"Issuance of Peruvian global bonds reached USD 6.4bn in 2010. The government of Peru issued USD 2.5bn in global bonds, including PEN 4.2bn (USD 1.5 bn) of Peruvian new sol denominated bonds due 2020 and USD 1bn of 40-year sovereign bonds. Peruvian corporates sold USD 3.9bn of eurobonds in international debt capital market in 2010.
During the first three quarters of 2011 flow of global bonds from Peru totaled USD 1.435bn."
The reserves of Peru now are almost 60 billion dollars.
And the External public debt is only 15% of the GDP. So it isn't true that the peruvian economy is an economy of debt. Check your data before You'll get a conclusion.
last year the external investment was 7,8 billion dollars, the remittance of the peruvians who emigrated was about 2 billion dollars the ammount for exportation was about 45 billion dollars.
Jimmy111 wrote:Again I ask, where did the money come from to build the economy, build all the new buildings, fix all the roads and the canals in the Andes? Did it come from the great Peruvian economy? Peru has no economy. As you said 60 or so billion. It is nothing. What is paying for all these improvements??
Loans. Debt. Not the profit from the Peruvian Economy because there is no economy.
Peruvians have a huge amount of debt. And no way to pay it off. Many have been bamboozled into buying apartments in the last 10 years that they will be paying for for the rest of their lives. The interest rates are high and in most cases the apartments are bought by multi generations of families. All sharing the debt. This means that the apartments cannot be used as collateral by a single person. Most of the profit from these buildings is taken out of the country. Some is reinvested but just as soon as the market reaches saturation the investors will pull out and go somewhere else. Instant stalled economy.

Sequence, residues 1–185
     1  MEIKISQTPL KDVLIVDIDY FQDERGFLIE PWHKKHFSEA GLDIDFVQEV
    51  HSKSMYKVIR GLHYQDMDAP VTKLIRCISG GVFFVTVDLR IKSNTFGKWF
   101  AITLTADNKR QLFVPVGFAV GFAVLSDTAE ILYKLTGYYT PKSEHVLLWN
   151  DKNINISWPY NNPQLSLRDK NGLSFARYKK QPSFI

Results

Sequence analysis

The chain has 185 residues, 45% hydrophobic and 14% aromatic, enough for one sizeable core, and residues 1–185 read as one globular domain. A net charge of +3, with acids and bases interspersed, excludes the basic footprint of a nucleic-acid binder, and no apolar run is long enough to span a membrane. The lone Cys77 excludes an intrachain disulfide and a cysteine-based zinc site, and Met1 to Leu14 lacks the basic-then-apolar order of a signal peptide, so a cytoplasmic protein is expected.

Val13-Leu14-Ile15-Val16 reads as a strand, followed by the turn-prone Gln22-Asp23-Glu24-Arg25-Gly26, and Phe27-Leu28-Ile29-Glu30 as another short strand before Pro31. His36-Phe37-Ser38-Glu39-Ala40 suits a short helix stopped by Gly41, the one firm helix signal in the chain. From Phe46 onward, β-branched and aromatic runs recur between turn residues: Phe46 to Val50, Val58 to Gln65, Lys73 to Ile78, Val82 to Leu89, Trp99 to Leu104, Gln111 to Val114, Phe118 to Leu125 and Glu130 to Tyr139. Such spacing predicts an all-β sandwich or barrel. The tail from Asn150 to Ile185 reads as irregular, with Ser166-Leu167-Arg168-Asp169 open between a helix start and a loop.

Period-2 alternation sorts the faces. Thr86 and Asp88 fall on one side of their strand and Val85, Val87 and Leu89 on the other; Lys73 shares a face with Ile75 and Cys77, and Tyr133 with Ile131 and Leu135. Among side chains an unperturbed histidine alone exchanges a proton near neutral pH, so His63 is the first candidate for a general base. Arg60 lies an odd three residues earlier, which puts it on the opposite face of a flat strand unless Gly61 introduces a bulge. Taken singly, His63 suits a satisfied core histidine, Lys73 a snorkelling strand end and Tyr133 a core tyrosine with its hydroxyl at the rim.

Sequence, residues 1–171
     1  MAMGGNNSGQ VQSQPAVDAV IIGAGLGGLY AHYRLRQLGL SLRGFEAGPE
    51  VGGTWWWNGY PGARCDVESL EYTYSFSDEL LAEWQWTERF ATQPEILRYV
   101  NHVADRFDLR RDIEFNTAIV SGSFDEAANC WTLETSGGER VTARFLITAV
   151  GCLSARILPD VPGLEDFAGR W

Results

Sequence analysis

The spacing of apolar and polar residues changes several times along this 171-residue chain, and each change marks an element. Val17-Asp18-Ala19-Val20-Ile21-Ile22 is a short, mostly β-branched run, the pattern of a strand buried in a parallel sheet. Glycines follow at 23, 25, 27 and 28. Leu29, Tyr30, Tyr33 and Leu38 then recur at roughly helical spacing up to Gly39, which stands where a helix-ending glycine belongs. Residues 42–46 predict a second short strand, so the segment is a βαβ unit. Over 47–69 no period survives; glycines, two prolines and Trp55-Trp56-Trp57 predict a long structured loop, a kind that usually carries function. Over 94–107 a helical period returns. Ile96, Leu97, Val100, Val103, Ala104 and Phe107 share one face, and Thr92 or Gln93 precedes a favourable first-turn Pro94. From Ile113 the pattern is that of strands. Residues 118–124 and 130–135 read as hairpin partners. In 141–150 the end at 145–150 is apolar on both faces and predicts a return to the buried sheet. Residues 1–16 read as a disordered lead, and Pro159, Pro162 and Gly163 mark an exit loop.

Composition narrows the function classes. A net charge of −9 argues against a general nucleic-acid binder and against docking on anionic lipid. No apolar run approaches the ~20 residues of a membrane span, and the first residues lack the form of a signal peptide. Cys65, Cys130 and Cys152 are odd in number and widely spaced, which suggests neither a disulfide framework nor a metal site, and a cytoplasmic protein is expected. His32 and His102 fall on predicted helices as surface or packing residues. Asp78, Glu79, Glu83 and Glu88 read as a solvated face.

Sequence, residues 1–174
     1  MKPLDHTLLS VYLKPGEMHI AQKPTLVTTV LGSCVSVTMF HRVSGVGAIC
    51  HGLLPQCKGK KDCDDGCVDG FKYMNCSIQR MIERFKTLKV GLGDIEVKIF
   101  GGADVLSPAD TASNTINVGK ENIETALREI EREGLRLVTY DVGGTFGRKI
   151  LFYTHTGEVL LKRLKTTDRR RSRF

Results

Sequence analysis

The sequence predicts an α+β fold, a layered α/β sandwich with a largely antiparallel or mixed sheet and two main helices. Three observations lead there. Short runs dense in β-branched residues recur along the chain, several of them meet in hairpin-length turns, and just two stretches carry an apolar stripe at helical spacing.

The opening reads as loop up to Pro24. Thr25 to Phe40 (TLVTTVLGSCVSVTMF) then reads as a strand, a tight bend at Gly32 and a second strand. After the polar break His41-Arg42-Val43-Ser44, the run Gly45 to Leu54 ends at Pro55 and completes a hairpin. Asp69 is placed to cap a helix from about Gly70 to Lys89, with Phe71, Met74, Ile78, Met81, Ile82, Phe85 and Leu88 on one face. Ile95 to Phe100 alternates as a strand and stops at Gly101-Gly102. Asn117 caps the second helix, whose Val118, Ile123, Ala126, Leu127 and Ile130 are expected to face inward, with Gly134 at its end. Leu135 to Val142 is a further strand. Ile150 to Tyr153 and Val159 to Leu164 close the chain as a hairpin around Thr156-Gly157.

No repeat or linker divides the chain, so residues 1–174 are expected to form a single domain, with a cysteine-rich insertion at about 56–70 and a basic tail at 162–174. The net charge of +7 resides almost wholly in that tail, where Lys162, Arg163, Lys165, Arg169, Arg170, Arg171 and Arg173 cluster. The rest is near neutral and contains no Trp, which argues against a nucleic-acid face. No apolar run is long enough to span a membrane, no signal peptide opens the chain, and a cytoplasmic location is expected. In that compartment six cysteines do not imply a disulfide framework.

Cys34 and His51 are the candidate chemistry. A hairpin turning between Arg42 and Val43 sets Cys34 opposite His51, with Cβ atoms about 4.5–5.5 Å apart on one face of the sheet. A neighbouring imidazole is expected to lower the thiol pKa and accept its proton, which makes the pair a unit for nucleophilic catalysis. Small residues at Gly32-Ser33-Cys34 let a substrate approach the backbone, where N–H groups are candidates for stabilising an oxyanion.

Also take into account that most of the new buildings will probably fall over in the next earthquake. Which is already late. The later it comes the bigger it will be.
15 years ago in peru almost no one had any debt. Today, everyone is in debt.
The situation like I said before is simmilar to Californias in 2005. California had so much extra cash it gave it back to the people. One year later California found itself seriously in debt because the people had reached their credit limit with all the new over priced housing, easy credit cards, easy consumer debt. We all know what is happening in California today.
Just like peru today.
The economy has to be based on profit to survive. Not debt as it is today. The economy is using other peoples money . Not the peoples of Peru.